REPRODUCTION FROM THE STANDPOINT OF BIOLOGY.
I. GENERAL ACTIVITIES OF LIVING ORGANISMS.
The casual observer, even if he watches thoughtfully the various activities of plants and animals, would hardly believe these activities capable of classification into two general classes. He notes the germination of the plant seed and its early growth, step by step approaching a stage of maturity; it blossoms, produces seed, and if it is an annual plant, withers and dies. If it is a perennial plant its leaves only, wither and die at the approach of winter, the plant passing into a resting stage from which it awakes the following spring to repeat again its annual cycle.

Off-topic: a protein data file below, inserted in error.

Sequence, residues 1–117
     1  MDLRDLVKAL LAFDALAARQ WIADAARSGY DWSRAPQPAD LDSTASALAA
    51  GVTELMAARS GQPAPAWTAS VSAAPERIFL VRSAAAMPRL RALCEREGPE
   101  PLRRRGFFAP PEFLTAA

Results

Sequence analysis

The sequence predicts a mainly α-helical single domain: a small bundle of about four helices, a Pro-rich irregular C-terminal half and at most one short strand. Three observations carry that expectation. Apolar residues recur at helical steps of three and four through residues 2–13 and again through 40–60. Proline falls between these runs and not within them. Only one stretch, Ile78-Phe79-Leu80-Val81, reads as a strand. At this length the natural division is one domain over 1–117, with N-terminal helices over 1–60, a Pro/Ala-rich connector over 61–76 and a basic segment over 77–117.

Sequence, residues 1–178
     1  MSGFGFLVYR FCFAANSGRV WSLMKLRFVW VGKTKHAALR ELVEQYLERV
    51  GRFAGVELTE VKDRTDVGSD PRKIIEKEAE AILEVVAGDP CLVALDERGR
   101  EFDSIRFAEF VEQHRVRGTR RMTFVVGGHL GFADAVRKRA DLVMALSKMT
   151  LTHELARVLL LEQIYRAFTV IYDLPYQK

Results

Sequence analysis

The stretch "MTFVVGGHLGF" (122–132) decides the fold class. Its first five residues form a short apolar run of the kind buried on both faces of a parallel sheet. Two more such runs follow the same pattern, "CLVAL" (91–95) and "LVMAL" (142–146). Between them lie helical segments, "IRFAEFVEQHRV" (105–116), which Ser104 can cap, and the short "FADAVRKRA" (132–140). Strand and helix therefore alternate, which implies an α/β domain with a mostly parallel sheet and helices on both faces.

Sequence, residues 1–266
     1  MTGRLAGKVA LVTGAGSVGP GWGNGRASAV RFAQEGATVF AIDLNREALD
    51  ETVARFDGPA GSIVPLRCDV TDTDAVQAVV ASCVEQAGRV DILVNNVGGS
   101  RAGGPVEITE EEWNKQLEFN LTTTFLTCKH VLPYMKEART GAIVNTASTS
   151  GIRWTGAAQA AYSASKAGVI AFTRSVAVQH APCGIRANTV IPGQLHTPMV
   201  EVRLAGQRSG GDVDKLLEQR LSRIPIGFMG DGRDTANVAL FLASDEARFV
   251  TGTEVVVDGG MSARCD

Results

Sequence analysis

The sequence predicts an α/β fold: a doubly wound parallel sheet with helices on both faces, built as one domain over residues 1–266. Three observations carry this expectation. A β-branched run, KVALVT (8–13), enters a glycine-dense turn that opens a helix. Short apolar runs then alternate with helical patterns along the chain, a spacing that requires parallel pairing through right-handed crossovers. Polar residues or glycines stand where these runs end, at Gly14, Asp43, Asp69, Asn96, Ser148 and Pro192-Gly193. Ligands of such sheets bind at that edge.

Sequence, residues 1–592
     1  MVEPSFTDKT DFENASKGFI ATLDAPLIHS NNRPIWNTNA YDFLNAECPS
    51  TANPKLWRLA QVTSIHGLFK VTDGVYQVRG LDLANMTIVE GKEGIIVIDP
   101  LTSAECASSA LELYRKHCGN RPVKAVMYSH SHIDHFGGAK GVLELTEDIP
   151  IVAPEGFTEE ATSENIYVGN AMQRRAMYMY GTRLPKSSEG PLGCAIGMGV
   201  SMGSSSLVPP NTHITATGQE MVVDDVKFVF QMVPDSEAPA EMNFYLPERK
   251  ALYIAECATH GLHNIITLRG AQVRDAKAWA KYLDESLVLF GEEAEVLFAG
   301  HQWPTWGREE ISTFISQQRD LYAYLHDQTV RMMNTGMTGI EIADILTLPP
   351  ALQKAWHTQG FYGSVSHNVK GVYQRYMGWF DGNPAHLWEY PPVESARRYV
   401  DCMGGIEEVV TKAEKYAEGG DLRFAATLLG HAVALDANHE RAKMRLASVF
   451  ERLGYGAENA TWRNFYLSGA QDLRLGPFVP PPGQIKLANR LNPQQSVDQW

If he observes an animal he finds that it similarly develops to a stage of maturity, reproduces its kind, withers and dies; but incident to these general activities he notes numerous others that seem to have no relation to the activity of the plant. He sees men tilling the fields, felling the forests, building houses, factories and railroads; he sees them build hospitals, colleges and churches. Is it possible to group all of these activities of plants and animals into two general groups? A more critical view of these activities makes it evident that they are all directed either to the maintenance and protection of the individual, or the maintenance and protection of the race. Those directed towards the maintenance of self are called egoistic activities, while those directed to the maintenance of the race are called phyletic activities.